Ramuhovhi and Others v. President of the Republic of South Africa and Others (Legal Resources Centre (LRC) representing Thokozani Maphumulo as the intervening applicant)
This is a South African Constitutional Court decision finding constitutional invalidity—due to gender and race, ethnic, or social origin discrimination—of Section 7(1) of the Recognition of Customary Marriages Act 120 of 1998 as it pertains to polygamous marriages concluded before the Recognition Act.
Matodzi Ramuhovhi and Thinamaano Edson Netshituka applied to the Constitutional Court for confirmation of the Limpopo High Court, Thohoyandou’s ruling of invalidity of Section 7(1) of the Recognition of Customary Marriages Act 120 of 1998 (“Recognition Act”). The High Court ruled 7(1) to be invalid because it discriminated against women in polygamous marriages concluded before the Recognition Act on two grounds: (a) gender and (b) race, ethnic or social origin. This same section had been deemed unconstitutional as it related to monogamous marriages in Gumede vs. President of the Republic of South Africa.
The applicants are the biological children of Mr. Musenwa Joseph Netshituka (deceased) and women from two polygamous customary marriages. The applicants sought to contest the constitutionality of 7(1) due to the impact on the disbursement of certain property benefits in their father’s will.
The Legal Resources Centre (LRC) represented Mrs. Thokozani Maphumulo as an intervening applicant and advanced arguments relating to the question of the retrospectivity of the order of invalidity. Left as is, the High Court’s order did not assist customary marriages that were terminated by death, which would have left Mrs. Maphumulo homeless. The Court held that it to be in the interests of justice to grant Mrs. Maphumulo leave to intervene.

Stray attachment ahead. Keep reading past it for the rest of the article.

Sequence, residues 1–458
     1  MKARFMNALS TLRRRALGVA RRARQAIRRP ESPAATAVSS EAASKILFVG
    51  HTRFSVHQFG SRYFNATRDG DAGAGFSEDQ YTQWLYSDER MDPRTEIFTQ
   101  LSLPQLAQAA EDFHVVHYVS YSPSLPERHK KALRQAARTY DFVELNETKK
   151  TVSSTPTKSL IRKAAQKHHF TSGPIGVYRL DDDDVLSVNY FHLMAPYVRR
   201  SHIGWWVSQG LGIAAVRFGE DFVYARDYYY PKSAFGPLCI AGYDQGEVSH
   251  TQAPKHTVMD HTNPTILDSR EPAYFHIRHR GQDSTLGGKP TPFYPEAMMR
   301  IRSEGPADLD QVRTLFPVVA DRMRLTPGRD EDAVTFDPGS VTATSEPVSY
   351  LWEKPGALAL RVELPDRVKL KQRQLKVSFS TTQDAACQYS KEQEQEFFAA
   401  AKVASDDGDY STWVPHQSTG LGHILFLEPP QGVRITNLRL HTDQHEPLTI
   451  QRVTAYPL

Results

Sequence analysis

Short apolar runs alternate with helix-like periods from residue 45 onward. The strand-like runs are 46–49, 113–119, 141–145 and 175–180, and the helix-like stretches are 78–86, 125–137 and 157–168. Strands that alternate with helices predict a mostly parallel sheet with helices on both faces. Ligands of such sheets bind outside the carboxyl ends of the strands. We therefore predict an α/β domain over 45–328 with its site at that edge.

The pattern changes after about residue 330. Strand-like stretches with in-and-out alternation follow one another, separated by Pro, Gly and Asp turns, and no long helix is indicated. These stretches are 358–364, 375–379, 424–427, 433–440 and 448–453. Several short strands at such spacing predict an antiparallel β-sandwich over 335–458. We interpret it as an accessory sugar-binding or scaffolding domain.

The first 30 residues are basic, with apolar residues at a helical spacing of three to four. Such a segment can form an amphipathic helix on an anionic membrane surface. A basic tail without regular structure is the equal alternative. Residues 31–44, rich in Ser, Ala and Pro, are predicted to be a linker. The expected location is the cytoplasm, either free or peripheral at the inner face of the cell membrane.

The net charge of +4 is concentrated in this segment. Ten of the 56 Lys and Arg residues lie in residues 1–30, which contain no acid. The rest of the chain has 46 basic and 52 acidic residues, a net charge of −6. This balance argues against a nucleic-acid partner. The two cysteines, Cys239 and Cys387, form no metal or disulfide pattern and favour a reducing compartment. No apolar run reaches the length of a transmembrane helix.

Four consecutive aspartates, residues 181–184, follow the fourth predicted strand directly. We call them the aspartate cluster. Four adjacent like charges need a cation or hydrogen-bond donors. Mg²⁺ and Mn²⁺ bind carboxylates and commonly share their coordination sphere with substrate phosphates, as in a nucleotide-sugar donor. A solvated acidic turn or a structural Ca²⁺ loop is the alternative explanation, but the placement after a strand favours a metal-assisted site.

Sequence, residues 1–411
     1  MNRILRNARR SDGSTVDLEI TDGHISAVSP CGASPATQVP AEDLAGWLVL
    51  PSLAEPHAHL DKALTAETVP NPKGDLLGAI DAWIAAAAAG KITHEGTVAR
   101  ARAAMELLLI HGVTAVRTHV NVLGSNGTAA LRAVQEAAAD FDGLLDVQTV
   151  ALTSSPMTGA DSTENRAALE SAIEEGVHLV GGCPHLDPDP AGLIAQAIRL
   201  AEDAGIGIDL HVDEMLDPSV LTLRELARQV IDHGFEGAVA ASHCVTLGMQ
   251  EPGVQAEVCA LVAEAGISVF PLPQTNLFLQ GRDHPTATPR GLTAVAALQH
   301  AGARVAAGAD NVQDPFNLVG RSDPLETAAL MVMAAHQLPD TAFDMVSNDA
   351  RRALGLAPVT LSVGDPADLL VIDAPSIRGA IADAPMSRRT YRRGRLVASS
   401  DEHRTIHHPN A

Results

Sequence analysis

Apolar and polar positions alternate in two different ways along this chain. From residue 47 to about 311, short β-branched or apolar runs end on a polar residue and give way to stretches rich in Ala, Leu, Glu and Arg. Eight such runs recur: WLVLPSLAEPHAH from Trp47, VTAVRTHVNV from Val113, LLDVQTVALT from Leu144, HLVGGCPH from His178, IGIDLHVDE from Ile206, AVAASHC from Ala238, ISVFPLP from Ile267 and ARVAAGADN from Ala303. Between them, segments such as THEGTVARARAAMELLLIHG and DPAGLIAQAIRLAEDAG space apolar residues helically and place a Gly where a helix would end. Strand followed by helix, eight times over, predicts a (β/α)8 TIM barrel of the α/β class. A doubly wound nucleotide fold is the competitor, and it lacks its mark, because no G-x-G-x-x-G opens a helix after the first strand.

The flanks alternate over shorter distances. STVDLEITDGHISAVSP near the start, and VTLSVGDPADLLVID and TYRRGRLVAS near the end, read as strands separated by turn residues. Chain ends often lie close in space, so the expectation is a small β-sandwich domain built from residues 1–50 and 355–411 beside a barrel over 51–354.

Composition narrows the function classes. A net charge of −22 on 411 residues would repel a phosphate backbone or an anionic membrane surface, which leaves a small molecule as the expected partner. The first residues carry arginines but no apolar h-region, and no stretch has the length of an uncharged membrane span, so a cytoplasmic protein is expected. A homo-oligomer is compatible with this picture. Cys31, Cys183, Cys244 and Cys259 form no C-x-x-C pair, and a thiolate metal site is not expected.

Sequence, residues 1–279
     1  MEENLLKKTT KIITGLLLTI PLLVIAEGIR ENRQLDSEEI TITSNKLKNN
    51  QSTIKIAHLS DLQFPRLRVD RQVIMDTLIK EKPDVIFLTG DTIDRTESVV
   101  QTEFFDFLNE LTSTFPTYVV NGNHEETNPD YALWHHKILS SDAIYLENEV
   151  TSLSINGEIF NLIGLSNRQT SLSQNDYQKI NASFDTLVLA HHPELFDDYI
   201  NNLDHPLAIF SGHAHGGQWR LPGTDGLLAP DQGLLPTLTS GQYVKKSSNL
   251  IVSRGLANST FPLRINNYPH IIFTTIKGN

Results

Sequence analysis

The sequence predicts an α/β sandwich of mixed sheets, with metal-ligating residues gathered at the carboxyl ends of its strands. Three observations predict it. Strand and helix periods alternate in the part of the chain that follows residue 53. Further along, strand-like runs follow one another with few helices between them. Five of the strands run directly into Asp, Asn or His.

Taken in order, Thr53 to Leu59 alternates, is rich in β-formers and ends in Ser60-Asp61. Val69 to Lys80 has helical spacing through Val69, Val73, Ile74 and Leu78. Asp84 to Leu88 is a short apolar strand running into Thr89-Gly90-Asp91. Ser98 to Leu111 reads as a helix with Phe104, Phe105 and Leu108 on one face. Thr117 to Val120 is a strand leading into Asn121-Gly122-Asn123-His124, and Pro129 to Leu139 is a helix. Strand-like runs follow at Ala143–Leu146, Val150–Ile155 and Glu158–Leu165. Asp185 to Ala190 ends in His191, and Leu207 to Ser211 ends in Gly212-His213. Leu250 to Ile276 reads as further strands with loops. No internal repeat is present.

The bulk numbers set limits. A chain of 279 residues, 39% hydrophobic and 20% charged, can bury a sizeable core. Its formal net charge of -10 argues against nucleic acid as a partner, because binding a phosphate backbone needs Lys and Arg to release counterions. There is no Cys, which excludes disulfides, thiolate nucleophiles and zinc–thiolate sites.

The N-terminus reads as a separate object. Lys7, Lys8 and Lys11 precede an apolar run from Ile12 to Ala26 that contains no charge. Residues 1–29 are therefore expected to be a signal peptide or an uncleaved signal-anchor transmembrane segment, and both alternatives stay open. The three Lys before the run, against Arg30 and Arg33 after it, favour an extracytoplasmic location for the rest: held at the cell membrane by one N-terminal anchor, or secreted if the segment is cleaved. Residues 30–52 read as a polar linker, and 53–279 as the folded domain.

Ms. Maphumulo was party to a customary marriage that ended upon the death of her husband. However, like many other African women party to polygamous marriages, she was rendered vulnerable after her husband had bequeathed their property to his eldest son. This included the home that Ms. Maphumulo resided in for many years, which was registered in her husband’s name as the past discriminatory laws did not allow women to own property.
Ms. Maphumulo’s circumstances were not by any means unique. In many cases where the husband in a pre-act polygamous marriage passed away one or more wives are “pushed out” and deprived from benefitting in the estate that they, like Ms. Maphumulo, had contributed towards increasingly over the years. The Recognition Act did not afford women of pre-Act polygamous marriages any protection.
This insecure position that polygamous wives found themselves in came as a result of being seen and undervalued as caregivers despite performing multiple roles to support their families. They fed their families, reared and educated their children and tended to their vegetable gardens and livestock to ensure the survival of their families. Despite spending their lives increasing the value of family property, they were easily cast out upon the death of their husbands and were not allowed to inherit the estate. Ms. Maphumulo is a woman of incredible strength, who did not allow her circumstances to define her and instead instructed LRC to challenge the unjust provisions which continued to oppress women in her position.